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Working Safely in Potentially Explosive Areas

Explosive potential

Companies operating in such widely differing sectors as the chemical and pharmaceutical industry, the gas supply sector and the varnishing industry use combustible materials that can potentially explode. These ‘explosive protection zones’, or ‘Ex-zones’, are classified into various areas and zones depending on the nature of the flammable material (gas and vapour, or dust) and also on the probability of the presence of an explosive atmosphere i.e frequency and length of time that the hazard exists.

Combustible gases and vapours are classified into three explosion groups (IIA, IIB and IIC) according to the minimum amount of energy required to ignite them. The most easily ignitable group is class IIC.

The ATEX Directive was introduced in July 2006 to ensure that people working in potentially explosive atmospheres are properly protected.

Electrostatic charge and discharge

These days, anyone working in a potentially explosive area must follow strict safety rules and use proper ATEX-compatible protective equipment. It doesn’t matter whether you are working with combustible gases or easily ignitable dust. In addition to naked flames, incandescent materials and sparks, electrostatic discharge is an ignition hazard that causes serious accidents time and time again.

An electrostatic charge occurs if a material has built up too many electrons (negative charge) or not enough electrons (positive charge). In commercial and industrial situations, this can happen whenever non-conducting isolating or poorly conducting materials are used in processes involving friction or separation. Examples include: removing paper, textile, rubber or plastic tracks from rollers or cylinders, passing powdery material through pipes, transferring liquids between containers, stirring and decanting liquids, and walking on an insulating surface.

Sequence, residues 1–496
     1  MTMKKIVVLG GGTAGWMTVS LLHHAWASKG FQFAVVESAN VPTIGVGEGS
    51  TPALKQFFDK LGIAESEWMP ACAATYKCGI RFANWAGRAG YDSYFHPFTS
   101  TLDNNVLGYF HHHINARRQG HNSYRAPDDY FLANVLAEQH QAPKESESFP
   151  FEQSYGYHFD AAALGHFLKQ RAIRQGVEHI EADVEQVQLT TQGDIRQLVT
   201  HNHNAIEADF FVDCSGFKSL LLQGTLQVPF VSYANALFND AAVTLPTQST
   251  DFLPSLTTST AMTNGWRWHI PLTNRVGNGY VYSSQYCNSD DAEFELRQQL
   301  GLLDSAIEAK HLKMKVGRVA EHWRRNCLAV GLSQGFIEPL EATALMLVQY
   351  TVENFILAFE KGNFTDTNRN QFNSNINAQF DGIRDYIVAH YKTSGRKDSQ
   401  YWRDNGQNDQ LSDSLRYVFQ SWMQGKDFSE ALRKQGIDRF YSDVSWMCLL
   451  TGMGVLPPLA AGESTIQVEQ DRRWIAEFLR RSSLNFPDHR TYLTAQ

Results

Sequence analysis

When/if an electrostatic charge is built up and is not dissipated slowly to earth, then a spark can be generated as the charge is rapidly grounded, for example upon approaching or coming into contact suddenly with an earthed conductor. If the energy of the spark is sufficiently high, it has the potential to ignite the explosive atmosphere. This means that in the event of discharge in a potentially explosive environment, an ignitable spark can be created and cause a major disaster.

Tyvek® and Tychem® antistatic garments and Ex-zones

The DuPont solution is simple. The surface of antistatic garments made of Tyvek® or Tychem® is coated with an antistatic chemical that attracts moisture from the air, producing a thin, conductive salt layer on the surface of the clothing. The surface coating creates a homogeneous conduction effect, i.e. any locally generated charge – caused by friction, for example – can be discharged earth if the resistance to earth is continous and sufficiently low.

With dedication and ingenuity, DuPont engineered Tyvek® and Tychem® protective apparel that can meet the antistatic requirements of the ATEX Directive, as well as the requirements of the EN 1149-5 surface resistance performance standard. For heat, flame and chemical protection in Ex-zones a limited flame-spread (meeting EN ISO 14116 index 1) and dissipative protective coverall, worn above index 2 or 3 heat-flame garments is recommended.

Use of Tyvek® and Tychem® protective clothing in Ex-zones

According to tests conducted by the Swiss Safety Institute in Basel, Tyvek® and Tychem® protective clothing are suitable in numerous volatile situations.

To learn more about how to work safely in potentially explosive areas, please CLICK HERE .